If you are the kind of reader who is brave or merely curious, or just plain bored, you could type in the phrase “The Institute” into the handy and permanent search box at the top of the page and you would find dozens if not many examples of the amazing if not incredulous varieties of scientific discoveries, unrepentant adventures, steamy instructions on how to live a more fulfilling life, pleas (read begging) for funding our many sketchy unsupported government projects, new unique explanations of how things really work and handy tips on how not to be a dweeb but instead be someone cool and fun without being that good looking, that your friends and that gorgeous chick with the insane betty’s in 7b would admire. Go ahead, take a chance it might just change your life (be sure to read our disclaimer page before making any real life changes). We are not and never have been responsible for weird stuff you choose to do after visiting the internet.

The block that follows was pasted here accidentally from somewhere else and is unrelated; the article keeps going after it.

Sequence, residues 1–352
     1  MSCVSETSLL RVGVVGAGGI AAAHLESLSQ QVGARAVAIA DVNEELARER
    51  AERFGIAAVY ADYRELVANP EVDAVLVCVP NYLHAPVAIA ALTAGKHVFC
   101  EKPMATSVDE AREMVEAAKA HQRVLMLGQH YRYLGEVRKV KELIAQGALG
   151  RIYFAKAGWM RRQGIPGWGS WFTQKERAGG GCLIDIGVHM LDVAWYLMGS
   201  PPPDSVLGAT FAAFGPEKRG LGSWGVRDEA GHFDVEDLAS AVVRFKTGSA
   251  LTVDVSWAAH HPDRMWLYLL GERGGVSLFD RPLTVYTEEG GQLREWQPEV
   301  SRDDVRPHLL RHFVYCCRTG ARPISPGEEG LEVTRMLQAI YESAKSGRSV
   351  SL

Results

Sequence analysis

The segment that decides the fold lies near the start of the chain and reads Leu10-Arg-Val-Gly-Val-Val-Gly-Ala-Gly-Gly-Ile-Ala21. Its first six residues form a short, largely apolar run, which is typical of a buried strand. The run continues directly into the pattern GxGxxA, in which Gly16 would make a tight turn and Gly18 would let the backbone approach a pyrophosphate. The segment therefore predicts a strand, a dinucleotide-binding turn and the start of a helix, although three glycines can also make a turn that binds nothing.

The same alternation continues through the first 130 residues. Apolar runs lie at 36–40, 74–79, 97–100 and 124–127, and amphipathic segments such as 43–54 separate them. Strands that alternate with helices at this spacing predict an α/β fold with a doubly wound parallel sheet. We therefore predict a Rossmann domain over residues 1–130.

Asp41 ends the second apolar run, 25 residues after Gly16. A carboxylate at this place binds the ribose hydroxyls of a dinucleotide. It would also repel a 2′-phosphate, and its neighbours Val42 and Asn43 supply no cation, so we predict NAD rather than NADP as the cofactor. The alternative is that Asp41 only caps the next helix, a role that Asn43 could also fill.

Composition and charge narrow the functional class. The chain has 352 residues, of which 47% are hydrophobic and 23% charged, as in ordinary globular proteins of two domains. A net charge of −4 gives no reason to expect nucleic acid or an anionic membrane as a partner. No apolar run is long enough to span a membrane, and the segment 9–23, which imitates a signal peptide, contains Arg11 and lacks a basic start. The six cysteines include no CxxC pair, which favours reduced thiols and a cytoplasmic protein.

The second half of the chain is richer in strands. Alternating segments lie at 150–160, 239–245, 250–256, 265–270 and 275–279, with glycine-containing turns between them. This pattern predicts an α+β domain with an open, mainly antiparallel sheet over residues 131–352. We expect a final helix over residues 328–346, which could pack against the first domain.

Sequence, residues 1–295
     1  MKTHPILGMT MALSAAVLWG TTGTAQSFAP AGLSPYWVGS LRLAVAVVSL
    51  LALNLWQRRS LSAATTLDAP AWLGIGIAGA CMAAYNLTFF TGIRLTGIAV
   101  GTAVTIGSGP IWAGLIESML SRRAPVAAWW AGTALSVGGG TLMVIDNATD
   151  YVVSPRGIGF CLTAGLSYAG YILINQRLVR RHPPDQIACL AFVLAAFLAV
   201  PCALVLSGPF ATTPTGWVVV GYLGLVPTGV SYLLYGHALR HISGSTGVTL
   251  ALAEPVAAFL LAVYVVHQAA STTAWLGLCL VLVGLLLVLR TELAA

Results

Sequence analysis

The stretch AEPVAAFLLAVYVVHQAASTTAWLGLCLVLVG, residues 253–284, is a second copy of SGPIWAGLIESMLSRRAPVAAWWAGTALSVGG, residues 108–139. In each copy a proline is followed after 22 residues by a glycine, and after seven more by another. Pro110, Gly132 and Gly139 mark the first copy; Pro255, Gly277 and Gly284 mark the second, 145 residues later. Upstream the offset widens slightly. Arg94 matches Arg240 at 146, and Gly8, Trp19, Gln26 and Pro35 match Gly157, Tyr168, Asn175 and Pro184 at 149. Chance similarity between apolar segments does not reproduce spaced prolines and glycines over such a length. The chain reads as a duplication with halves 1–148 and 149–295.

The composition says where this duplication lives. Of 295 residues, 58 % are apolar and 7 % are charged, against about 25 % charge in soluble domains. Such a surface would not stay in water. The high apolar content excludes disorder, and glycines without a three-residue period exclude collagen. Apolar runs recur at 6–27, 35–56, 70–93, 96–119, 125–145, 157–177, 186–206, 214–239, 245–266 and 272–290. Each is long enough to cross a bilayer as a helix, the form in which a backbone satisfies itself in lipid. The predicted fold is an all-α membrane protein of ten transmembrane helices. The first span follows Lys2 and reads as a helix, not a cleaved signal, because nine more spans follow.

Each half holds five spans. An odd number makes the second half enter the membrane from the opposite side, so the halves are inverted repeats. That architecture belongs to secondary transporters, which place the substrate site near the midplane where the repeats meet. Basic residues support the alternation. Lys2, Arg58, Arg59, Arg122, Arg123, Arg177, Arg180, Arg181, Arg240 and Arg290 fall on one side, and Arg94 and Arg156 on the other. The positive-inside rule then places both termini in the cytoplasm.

The Institute has been a fully realized dream of the author and as such it has been representational of a time and place that happened in a blink of an eye, or the firing of a synapse in the lower dark place of his brain. It has been a way to share events and happenings that actually took place in the real world but perhaps not completely as they were described in the various posts that were written. But like all dreams the dreamer is forced to wake and face a new day. Even as you read this the mighty walls of The Institute are becoming thin, slowly folding in on themselves, becoming transparent, the far-reaching borders of The Institutes’s grounds pulling in to the center, shrinking until the once mighty reaches of its borders are nothing more than a mote in God’s eye.